Gulf Diving: Saint Pete Artificial Reef

Unlike its tropical neighbor, the Caribbean, the Gulf of Mexico is not known as a prime diving site. Most divers shun its unpredictable weather, its poor visibility, and its dead zones. Diving in the Gulf brings to thought images of oil rigs, pollution, algae overgrowth. And it’s true that these environmental threats persist throughout the region, but they have yet to dampen the amazing array of marine biodiversity found throughout its waters.

I have discussed the Flower Garden Banks National Marine Sanctuary at length in my previous entries, so I would like to highlight some local diving sites that promise adventure and an impressive array of life to those who visit.

Saint Petersburg, Florida

Dive Charter: Blue Water Explorers

During the summer, I visited the Saint Pete Artificial Reef twice with Blue Water Explorers and the Canterbury Venture Crew. The purpose of our trips was to document the different types of species and habitat we observed at the site.

Saint Pete Artificial Reef is an expansive site that includes a handful of military tanks, a barge, and other rubble and pilings. On a good day, divers will encounter goliath grouper and schools of fish. Unfortunately for us, the aftermath of Tropical Storm Debbie was lingering. The entire month after the tropical storm, which stayed in the Saint Petersburg area for several days, visibility throughout the area in dive sites shallower than 40 feet was dramatically reduced.

Despite the challenging conditions, the entire group found an interesting array of life amongst the rubble, the tanks, and even in the sandy areas.

Starfish and black urchins, both a type of echinoderm, covered the site, serving as indicators of a healthy marine environment. Starfish function through an internal hydraulic water vascular system, which aids in movement and capture of prey. However, this system pumps un-filtered water throughout the starfish’s body, making the creature vulnerable to water pollution. Despite their seemingly sedentary state, starfish are actually voracious predators that can have a major impact on the benthic community. They primarily feed on mollusks, using their powerful limbs to force open the shells of clams and oysters.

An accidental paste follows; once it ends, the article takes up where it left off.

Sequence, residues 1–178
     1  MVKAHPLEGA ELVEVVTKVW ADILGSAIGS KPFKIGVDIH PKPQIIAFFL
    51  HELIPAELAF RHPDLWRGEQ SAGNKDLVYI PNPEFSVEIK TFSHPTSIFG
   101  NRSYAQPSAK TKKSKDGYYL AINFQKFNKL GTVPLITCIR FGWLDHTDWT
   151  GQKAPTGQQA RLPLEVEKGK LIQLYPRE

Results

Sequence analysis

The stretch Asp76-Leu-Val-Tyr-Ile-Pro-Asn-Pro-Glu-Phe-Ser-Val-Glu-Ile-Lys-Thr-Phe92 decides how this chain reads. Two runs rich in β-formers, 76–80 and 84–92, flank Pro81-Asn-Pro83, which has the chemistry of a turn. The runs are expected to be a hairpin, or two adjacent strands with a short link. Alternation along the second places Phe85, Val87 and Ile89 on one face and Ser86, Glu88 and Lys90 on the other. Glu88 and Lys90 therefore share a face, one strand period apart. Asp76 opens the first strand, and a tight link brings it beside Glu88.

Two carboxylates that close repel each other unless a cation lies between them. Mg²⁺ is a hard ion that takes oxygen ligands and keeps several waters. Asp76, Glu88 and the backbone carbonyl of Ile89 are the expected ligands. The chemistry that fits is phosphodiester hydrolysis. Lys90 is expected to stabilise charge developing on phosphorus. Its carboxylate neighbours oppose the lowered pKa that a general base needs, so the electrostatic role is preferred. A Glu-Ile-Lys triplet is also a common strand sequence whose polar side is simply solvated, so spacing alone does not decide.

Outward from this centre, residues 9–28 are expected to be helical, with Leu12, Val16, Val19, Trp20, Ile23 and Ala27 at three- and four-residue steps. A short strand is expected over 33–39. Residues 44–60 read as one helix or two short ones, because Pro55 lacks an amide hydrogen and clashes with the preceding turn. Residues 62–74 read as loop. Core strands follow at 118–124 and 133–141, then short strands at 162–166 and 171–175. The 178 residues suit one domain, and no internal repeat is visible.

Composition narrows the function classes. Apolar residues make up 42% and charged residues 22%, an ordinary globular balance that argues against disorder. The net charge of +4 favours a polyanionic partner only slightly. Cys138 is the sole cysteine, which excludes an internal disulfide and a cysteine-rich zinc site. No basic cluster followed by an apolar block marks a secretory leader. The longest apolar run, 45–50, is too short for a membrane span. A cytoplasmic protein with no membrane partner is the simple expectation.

This large starfish, over a foot in width from the tip of one leg to the other, could be seen moving relatively quickly across the benthic floor. It appears that the bristles extending from each leg assisted in its speedy locomotion. I observed this starfish in two different sites along the Gulf coast of Florida, but have yet to discover its exact species name.

Fragile corals and sea whips decorated the site, adding to the colorful display of sponges and fishes.

The most abundant and curious creatures appeared to be these small hawkfish. Based on their appearance, they seem related to the Redspotted Hawkfish (Amblycirrhitus pinos). Hanging suspended, one finger gently placed on a rock and the other hand gripping my camera, these fish would quickly approach me… sometimes even nipping my finger! Despite their curiosity, their quick movements allowed them to evade most of my photographs.

As I waited, perched on a piece of the wreckage that formed the base of the reef, a Sheepshead (Archosargus probatocephalus) swam by, grazing on the benthos covering the site. Sheepshead are a popular target for recreational fishermen, but there is currently no management strategy in place to monitor their population.

Most of the above photographs were taken during our second trip to the Saint Pete Artificial Reef, on July 25. Although visibility was poor, we were able to see a variety of life through a concerted and thoughtful effort to look at the small nooks and crannies of the reef and the edges of the structure.

During our first dive trip to the site, on July 13, visibility was significantly reduced, being a mere two to three weeks after Tropical Storm Debbie. At this time, it was late in the summer, which meant warmer water and subsequent signs of coral bleaching on the hard corals at the site. Compared to the previous photographs, the water in the above image is a darker green. Using my flash due to the lack of light, I created backscatter in the top portion of the photograph, highlighting the density of particles in the water. Warming ocean waters are also associated with increased algae production and growth, which may overgrow sites that lack the grazing herbivores to control it.

Nonetheless, this site still appears relatively healthy, with an abundance of encrusting and other types of sponges covering the site and tropical fish swimming all around.

 General Site Conditions

Trip #1, 13 July 2012

Max depth: 35′

Temperature: 81 F

Visibility: 3 – 5′

Trip #2, 25 July 2012

Max depth: 36′

Temperature: 84 F

Visibility: 5 – 10′